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Is there a way to know what characters can be used in a variable name and also as the first character in the name. e.g. V_1 is a valid variable name, but _V1 is not. Also, there are "other" characters from the Char key that are allowed, but I don't know how to tell which ones are valid. e.g. %1 is valid, but $1 is not. Likewise some of the odder characters like the w omega character is valid, and others are not. I test them by trying them out.
Anyway, if anyone knows whats valid in the name and also what is valid for the first character...please let me know.

Note that while I can use regular alpha chars, I was thinking there might be uses in obfuscation for those who want to protect their program code.
The HP Prime User Guide says this: "The name of a variable must be a sequence of alphanumeric characters (letters and numbers), starting with a letter. Names are case-sensitive, so the variables named MaxTemp and maxTemp are different."
Yet %1 is not alpha numeric and there are other weird characters that are not alphanum, like a zeta with a circle at the center....from the Char button.
%1 doesn't work in [CAS].
That's interesting. I can do %1:=1 in Home, but not in CAS and when defined in Home, to try to read %1 in CAS doesn't work, but it does in HOME.
Here is the code that identifies an identifier (var names and the like)


Int FindEndOfValidIdentifier(wchar_t const *s, wchar_t DecSeparator)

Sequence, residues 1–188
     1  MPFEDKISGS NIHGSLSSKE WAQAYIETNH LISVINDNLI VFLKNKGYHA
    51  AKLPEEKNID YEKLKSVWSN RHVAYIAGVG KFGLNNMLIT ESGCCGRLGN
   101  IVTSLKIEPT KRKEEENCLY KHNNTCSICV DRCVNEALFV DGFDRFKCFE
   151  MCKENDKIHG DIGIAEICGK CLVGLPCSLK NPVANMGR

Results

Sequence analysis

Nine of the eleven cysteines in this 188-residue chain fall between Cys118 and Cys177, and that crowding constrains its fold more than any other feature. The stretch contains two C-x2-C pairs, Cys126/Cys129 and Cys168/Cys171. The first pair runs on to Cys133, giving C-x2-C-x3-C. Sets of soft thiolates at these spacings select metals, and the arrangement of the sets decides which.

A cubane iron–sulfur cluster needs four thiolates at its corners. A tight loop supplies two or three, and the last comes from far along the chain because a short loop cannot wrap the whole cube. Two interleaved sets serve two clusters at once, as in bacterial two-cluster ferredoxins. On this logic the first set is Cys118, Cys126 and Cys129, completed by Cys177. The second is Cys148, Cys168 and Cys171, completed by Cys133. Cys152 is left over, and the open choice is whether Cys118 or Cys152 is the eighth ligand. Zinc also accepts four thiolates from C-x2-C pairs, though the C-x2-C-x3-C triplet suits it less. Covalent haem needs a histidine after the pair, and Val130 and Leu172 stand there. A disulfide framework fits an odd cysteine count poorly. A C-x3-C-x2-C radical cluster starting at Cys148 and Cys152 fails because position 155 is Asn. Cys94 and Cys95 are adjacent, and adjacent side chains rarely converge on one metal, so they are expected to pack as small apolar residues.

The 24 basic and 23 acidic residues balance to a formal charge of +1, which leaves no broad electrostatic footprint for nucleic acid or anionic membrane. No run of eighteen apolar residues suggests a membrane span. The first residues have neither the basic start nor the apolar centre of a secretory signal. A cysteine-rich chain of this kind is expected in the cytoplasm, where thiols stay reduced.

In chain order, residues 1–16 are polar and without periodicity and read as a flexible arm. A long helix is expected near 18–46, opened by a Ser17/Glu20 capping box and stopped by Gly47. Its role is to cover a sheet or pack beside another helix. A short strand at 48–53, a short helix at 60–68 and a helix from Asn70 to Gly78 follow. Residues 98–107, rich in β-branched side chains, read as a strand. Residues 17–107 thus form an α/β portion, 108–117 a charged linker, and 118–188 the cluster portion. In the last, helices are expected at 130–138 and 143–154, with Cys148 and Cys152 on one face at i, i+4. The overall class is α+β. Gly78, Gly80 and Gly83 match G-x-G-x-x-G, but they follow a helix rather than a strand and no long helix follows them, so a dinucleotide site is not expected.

if (DecSeparator==L'\0') DecSeparator= Calc->DecSeparator();
  wchar_t const *S= s;
  if (*s==L'\uE003' || (*s==L'\u03c0' && s[1]<128)) return 1;   // complex i, pi with non unicode after...
  if ((*s<L'A' || (*s>L'Z' && *s<=L'_') || (*s>L'z' && *s<128) || *s==L'\u25b6') && *s!=L'%') return 0; s++;
  while (((*s>=L'A' && *s<=L'Z') || *s==L'_' || (*s>=L'a' && *s<=L'z') || (*s>=L'0' && *s<=L'9') || *s>=128) &&   // In 7 bit ascii, only allows 0-9, A-Z, a-z. 
          !(*s==L'\u25B6' || *s==L'\uE004' ||                                                                     // Above 128, disable, Sto -1    
            *s==L'\u2212' || *s==L'\u00b2' || *s==L'\u221a' || *s==L'\u2264' || *s==L'\u2260' || *s==L'\u2265'))  // neg(-) ┬░ sqrt <= # >= 
  return s-S;

Ah, interesting....of course! It's unicode. I forgot about that. Thanks Cyrille.
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